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Photoionized plasma analysis. Jelle Kaastra. Introduction. What is a photoionised plasma?. Plasma where apart from interaction with particles also interaction with photons occurs Photon spectrum needs to affect the particles (e.g. heating)

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## Photoionized plasma analysis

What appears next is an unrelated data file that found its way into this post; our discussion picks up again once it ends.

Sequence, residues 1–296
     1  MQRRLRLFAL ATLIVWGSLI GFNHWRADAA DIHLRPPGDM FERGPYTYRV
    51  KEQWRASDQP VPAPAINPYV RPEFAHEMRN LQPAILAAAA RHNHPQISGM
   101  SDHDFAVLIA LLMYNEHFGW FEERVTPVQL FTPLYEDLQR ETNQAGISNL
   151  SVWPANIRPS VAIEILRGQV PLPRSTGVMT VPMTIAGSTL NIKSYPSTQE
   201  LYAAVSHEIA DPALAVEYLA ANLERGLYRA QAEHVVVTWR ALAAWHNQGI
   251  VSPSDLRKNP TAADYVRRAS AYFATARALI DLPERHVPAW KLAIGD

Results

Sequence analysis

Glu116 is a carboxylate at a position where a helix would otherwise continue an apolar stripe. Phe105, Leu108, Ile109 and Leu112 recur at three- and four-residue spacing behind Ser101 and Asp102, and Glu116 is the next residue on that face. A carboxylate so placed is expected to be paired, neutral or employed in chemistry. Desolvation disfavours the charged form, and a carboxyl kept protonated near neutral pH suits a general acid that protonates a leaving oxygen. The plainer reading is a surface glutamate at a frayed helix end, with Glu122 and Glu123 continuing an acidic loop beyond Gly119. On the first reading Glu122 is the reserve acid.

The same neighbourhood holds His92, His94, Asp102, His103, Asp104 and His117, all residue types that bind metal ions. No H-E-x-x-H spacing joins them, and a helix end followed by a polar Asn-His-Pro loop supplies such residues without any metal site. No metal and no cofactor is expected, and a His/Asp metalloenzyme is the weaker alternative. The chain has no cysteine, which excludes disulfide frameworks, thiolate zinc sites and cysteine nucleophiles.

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**Photoionized plasma analysis**Jelle Kaastra**What is a photoionised plasma?**• Plasma where apart from interaction with particles also interaction with photons occurs • Photon spectrum needs to affect the particles (e.g. heating) • Thus, plasma with resonant scattering has photons involved but is not photoionised (although resonance scattering also occurs in photoionised plasmas)**It is all about the optical depth**• Optical depth τ = 0: collisional • Optical depth τ≠ 0 but not τ >> 1: classical photoionised plasma • Optical depth τ >>1: more atmosphere-like or stellar interior-like, not discussed here • Note: optical depth depends on photon energy – the above is rather crude**Examples of photoionised plasmas**• Accreting sources: • Galactic X-ray binaries • Active galactic nuclei • Tenuous gas (like some components of the ISM/IGM) • Nova shells**Feeding the monster**• Gas transported from 1020 to 1012 m scale • Disk forms due to viscosity / B-fields / loss angular momentum • Only few Msun/year reach black hole**Outflowsfrom the monster**• Notall gas reaches black hole • Outflowsthroughmagnetised jets, disk winds, outflowsfrom torus surrounding disk • Gives feedback tosurroundings, but howmuch?**Something to think about**• Most important line features: • O-lines (1s-np of O I – O VIII) • Fe UTA & other n = 1-2 transitions • Fe-K • Si lines (see e.g. NGC 3783) • Multiple absorption components • Blending with foreground galactic features (example: Mrk 509 O IV with Galactic O I) • Contamination by emission lines**Key parameter: ionisation parameter**• Spectrum depends on ratio photons / particles • Common used (Xstar, SPEX): ξ = L / nr2 with: • L = ionising luminosity between 1 – 1000 Ryd (13.6 eV – 13.6 keV; note the upper boundary!) • n is hydrogen density (NB, different from ne!) • r is distance from ionising source • Alternative (Cloudy): UH = QH / 4πcnr2 with: • QH number of H-ionising photons (13.6 Ryd – ∞)**Photoionisedplasmas**• Irradiated plasma • Twobalanceequations: Photons: Photo-ionisation Heatingbyphoto-electrons Electrons: Radiative recombination (electron capture) Cooling by collisional excitation (followed by line radiation)**Photoionisationmodelling**• Radiation impacts a volume (layer) of gas • Different interactionsof photonswithatomscauseionisation, recombination, heating & cooling • In equilibrium,ionisation state of the plasma determinedby: • spectral energy distributionincomingradiation • chemicalabundances • ionisation parameterξ=L/nr2withLionisingluminosity, ndensityandrdistancefromionising source; ξessentially ratio photondensity / gas density**First balance equation: ionisation stages (1)**• Same rates as for CIE plasmas: • Collisional ionisation • Excitation auto-ionisation • Radiative recombination • Dielectronic recombination • At low T, charge transfer ionisation & recombination**First balance equation: ionisation stages (2)**• New for PIE plasmas: • Photoionisation • Compton ionisation (Compton scattering of photons on bound electrons; for sufficient large energy transfer this leads to ionisation)**Second balance equation: energy**• Balance: heating = cooling • Take care how heating etc is defined: we use here heating/cooling of the free electrons • For instance, for e-+ione-+ion++e-we assign the ionisation energy I to the cooling of the free electrons**Heating processes**• Compton scattering (photon looses energy) • Free-free absorption • Photo-electrons • Compton ionisation • Auger electrons • Collisional de-excitation**Cooling processes**• Inverse Compton scattering (photon gains energy) • Electron ionisation • Recombination • Free-free emission (Bremsstrahlung) • Collisional excitation**Heating & cooling (NGC 5548 in 2013)**Inverse Compton Recombination Free-free emission Collisional excitation Electron ionisation ------------------- Compton scatter Photoelectrons Auger electrons Compton ionisation (Coll. de-excitation) (Free-free absorption)**Heating & cooling (NGC 5548 obscured)**Inverse Compton Recombination Free-free emission Collisional excitation Electron ionisation ------------------- Compton scatter Photoelectrons Auger electrons Compton ionisation (Coll. de-excitation) (Free-free absorption)**Performance (151 grid points)**• Same run on NGC 5548 obscured SED: • XSTAR: 40 hours (& crashed for kT > 10 keV) • Cloudy: 4 hours • SPEX: 5 minutes • Okay the above may depend on optimalisation flags etcetc, but ….**Performance**• Often people make a grid of models as function of few parameters table grid feed into favorite fitting program • SPEX pion model allows fast instantaneous calculation & simultaneous fitting of the continuum of any shape; multiple stacked layers**Stabilityphoto-ionisationequilibrium(examplesfromDetmers et**al. 2011) Ξ = Fion/nkTc= ξ/4πckT Stable equilibrium fordT/d Ξ> 0**Stability curves differhere case NGC 5548 (Mehdipour et al.**2014)**Practical examples from SPEX (1)**• Most simple model: slab • Input: • Set of ionic column densities (arbitrary, no physics involved) • Outflow velocity • Line broadening • Covering fraction fc • Transmission: T(E) = (1 – fc) + fc e-τ(E) with τ(E) containing all physics of absorption • Emission needs to be modelled separately**Practical examples from SPEX (2)**• next simple model: xabs • Input: • Set of ionic column densities pre-calculated using real photoionisation code • Ionisation parameter ξ = L/nr^2 • Outflow velocity • Line broadening • Covering fraction fc • Transmission: T(E) = (1 – fc) + fc e-τ(E) with τ(E) containing all physics of absorption • Emission needs to be modelled separately**Practical examples from SPEX (3)**• next simple model: warm • Input: • Set of ionic column densities pre-calculated using real photoionisation code • Absorption measure distribution dNH(ξ)/dξ, parametrized by powerlaw segments • Outflow velocity • Line broadening • Covering fraction fc • Transmission: T(E) = (1 – fc) + fc e-τ(E) with τ(E) containing all physics of absorption • Emission needs to be modelled separately**Practical examples from SPEX (4)**• latest model: pion • Input: • Arbitrary SED (using SPEX emission components, or file, or …) • Does self-consistent photoionisation calculations • Ionisation parameter ξ = L/nr^2 • Outflow velocity • Line broadening • Covering fraction fc • Transmission: T(E) = (1 – fc) + fc e-τ(E) with τ(E) containing all physics of absorption • Emission (still) needs to be modelled separately**Future extensions of the pion model**• Include also emission (using SPEX plasma code core; several processes need updates) • Cooling at low T not yet accurate enough (Rolf Mewe’s CIE model stopped at K-like ions or higher) • Thicker layers (simple radiation transport using escape factors) • NB only the Titan code takes full radiative transfer into account**AbsorptionMeasure Distribution**Discrete components Emission measure Column density Continuous distribution Ionisation parameter ξ Temperature**Decomposition into separate ξ**• Early example: NGC 5548 (Steenbrugge et al. 2003) • Use column densities Fe ions from RGS data • Measured Nion as sum of separate ξ components • Need at least 5 components**Separate components in pressure equilibrium, or continuous?**Discrete components in pressure equilibrium? Continuous NH(ξ) distribution? Krongold et al. 2003 Steenbrugge et al. 2005**Discrete ionisationcomponents in Mrk 509?Detmers et al. 2011**paper III • Fitting RGS spectrum with 5 discrete absorber components (A-E) • Gives excellent fit**Continuous AMD model?Mrk 509, Detmerset al. 2011**• Fit columns withcontinuous (spline) model • C & D discrete components! • FWHM <35% & <80% • B (& A) toopoorstatisticsto prove ifcontinuous • E harder determined: correlationξ & NH • Discrete components D E C B**A comparison between sources**• All Seyfert 1s show similar trend • NH increases with ξlike power law • High ξ cut-off? • Same behaviour in Seyfert 2s (NGC 1068, Brinkman et al. 2002)**Why study time-dependent photoionisation?**• Because most photoionised sources are time-variable • Gives opportunity to determine distance of gas from ionising source mass loss, kinetic luminosity etc**“The” recombination time scale**• Pure recombination equilibrium: 0 = dni/dt = niRi-1 + ni+1Ri • This leads, with Ri = neαi to characteristic time trec = 1 / [ne (ni+1/ni – αi-1/αi)] • Thus, we see that trec~1/ne • However, there is always a point where ni(ξ) and ni+1(ξ) are such that trec∞, and this point is usually close to where ni(ξ) peaks!**Density estimates: line ratios**• ξ = L/nr2 • C III has absorption lines near 1175 Å from metastable level • Combined with absorption line from ground (977 Å) this yields n • n = 3x104 cm-3 in NGC 3783 (Gabel et al. 2004) r~1 pc • Onlyappliesforsome sources, low ξ gas • X-rayssimilarlines, sensitivetohighern (e.g. O V, Kaastra et al. 2004); no convincing case yet (in AGN, but Fe linesfromexcited levels are seen in X-raybinaries**Density estimates: reverberation**• If L increases for gas at fixed n and r, then ξ=L/nr² increases • change in ionisation balance • column density changes • transmission changes • Gas has finite ionisation/recombination time tr (density dependent as ~1/n) • measuring delayed response yields trnr**LightcurveMrk 509 during100 days(Kaastra et al. 2011, paper**I) • Factor ~2 increase in soft X-ray • Correlated with UV • No correlation with hard X-ray UV Soft X-ray Hard X-ray